“RAT-ional” expectations

  • Economy
  • Saturday, 25 Jan 2020

GONG Xi Fa Cai! Today is the first day of the Lunar New Year as we usher in the Year of the Rat. How did the Lunar New Year come to be associated with the 12 zodiac animals?

According to legend, the Jade Emperor decided that the Chinese Lunar Calendar would be based on animal signs and the first 12 to arrive at the finishing line would be selected.

So, The Great Race was held to determine which zodiac animal should be ranked first for eternity among the 12 zodiac animals. The rat, after playing some tricks especially with the ox, was the first to arrive.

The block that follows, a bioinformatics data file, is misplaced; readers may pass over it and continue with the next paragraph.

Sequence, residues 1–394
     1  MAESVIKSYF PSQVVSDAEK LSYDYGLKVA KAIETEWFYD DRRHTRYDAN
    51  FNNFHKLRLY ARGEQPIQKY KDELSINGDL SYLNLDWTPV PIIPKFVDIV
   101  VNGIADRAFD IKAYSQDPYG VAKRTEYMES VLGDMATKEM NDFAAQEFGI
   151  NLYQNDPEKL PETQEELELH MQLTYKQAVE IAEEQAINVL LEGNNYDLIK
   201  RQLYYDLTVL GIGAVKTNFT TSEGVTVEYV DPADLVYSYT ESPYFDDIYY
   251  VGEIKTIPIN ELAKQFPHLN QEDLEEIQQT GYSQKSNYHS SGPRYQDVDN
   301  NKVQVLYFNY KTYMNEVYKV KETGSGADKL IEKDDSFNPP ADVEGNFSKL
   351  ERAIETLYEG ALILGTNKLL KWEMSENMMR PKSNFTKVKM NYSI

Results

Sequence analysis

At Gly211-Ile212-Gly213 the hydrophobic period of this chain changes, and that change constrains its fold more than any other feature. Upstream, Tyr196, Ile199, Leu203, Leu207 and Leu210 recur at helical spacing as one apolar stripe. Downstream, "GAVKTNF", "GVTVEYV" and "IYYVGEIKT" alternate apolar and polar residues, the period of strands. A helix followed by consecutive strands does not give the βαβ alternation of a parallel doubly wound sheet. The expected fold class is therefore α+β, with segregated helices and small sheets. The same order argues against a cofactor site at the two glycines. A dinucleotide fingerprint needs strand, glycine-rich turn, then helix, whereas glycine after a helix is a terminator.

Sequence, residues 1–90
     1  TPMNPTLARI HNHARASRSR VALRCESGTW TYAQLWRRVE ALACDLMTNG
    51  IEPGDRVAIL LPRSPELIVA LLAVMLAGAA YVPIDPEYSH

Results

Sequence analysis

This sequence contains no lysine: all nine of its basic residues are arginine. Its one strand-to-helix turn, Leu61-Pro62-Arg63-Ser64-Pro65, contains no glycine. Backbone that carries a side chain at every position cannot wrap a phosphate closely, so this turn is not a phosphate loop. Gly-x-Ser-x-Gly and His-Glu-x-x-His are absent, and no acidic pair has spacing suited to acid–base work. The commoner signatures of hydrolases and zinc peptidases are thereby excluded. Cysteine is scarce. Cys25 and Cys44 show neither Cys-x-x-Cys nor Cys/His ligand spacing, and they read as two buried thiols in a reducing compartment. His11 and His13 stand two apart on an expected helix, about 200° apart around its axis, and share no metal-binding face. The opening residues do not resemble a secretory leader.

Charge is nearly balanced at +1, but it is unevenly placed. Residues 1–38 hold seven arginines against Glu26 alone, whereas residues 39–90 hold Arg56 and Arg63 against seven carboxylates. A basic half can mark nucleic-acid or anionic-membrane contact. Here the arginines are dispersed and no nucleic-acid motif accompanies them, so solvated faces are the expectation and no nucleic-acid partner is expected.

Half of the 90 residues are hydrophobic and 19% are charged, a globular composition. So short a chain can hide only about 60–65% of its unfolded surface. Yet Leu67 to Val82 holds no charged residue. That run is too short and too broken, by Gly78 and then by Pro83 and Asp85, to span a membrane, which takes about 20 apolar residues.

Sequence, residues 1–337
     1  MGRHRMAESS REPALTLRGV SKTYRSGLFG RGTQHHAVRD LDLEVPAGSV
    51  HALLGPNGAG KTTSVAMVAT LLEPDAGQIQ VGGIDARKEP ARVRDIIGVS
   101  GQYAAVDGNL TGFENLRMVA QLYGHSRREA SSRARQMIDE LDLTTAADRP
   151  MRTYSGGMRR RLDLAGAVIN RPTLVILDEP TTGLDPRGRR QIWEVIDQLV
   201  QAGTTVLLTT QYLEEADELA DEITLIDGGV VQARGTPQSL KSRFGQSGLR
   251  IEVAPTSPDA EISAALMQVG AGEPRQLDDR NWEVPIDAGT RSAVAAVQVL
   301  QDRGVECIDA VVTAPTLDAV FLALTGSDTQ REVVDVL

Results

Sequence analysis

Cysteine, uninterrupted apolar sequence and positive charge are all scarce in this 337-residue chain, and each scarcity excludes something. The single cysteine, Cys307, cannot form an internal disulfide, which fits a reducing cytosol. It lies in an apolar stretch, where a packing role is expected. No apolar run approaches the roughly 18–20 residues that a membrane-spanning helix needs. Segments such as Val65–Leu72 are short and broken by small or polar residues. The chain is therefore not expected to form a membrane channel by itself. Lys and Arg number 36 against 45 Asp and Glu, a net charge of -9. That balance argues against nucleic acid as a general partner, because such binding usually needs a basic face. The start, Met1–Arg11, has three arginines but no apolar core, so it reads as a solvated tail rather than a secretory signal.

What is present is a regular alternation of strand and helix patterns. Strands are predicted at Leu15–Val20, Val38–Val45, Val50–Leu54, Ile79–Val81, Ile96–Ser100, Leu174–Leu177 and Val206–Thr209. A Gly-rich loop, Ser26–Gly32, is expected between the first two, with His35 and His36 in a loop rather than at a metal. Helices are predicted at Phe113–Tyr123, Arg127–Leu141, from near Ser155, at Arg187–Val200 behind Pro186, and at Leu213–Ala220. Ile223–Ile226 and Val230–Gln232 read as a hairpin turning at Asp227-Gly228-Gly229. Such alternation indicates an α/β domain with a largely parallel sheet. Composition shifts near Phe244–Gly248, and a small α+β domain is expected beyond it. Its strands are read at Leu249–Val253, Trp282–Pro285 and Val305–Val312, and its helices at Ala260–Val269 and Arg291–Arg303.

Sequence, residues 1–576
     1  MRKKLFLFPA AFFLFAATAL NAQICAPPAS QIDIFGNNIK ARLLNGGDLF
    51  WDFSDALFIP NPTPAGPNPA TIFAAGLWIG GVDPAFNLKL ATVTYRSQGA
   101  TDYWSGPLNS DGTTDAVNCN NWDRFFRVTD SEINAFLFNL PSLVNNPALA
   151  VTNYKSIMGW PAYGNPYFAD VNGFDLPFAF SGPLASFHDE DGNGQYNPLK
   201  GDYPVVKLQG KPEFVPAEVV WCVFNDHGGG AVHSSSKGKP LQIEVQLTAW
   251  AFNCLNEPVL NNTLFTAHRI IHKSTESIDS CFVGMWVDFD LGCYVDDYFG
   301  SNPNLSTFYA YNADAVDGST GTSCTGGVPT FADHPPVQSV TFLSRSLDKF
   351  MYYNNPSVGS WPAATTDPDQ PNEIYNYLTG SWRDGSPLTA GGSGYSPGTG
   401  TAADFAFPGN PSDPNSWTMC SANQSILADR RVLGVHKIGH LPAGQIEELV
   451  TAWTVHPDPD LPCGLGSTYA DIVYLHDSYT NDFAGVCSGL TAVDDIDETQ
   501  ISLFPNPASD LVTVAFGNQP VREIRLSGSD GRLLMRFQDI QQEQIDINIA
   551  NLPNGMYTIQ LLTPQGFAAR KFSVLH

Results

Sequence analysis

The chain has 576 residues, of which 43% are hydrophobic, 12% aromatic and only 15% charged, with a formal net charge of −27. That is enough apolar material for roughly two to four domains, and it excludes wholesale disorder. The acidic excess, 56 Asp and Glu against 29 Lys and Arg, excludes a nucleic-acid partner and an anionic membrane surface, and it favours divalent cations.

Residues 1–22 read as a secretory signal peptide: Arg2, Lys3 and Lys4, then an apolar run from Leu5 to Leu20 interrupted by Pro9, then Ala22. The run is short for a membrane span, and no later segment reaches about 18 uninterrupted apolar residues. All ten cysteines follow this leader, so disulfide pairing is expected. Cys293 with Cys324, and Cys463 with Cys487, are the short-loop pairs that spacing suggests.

Hence, on this day, being the first day of the Chinese New Year, we are welcoming the Year of the Rat again and with it a new 12-zodiac animal cycle. The new year - a “yang” year - is the 4,718th year in the Chinese calendar.

Just like the Year of the Pig that has just passed, the Year of the Rat too will have significant influence on not only the people born in the same animal zodiac year, but also on the other 11 Chinese zodiac animals. For those who are followers of the Chinese zodiac signs, the fortunes or luck from the Year of the Rat can influence wealth, health, career and even marriage prospects.

At the corporate level, it can influence business prospects, typically by the element that is represented in a given year. There are five elements of nature - Fire, Water, Earth, Wood and Metal - associated with each year, with this year being the Year of the Metal Rat.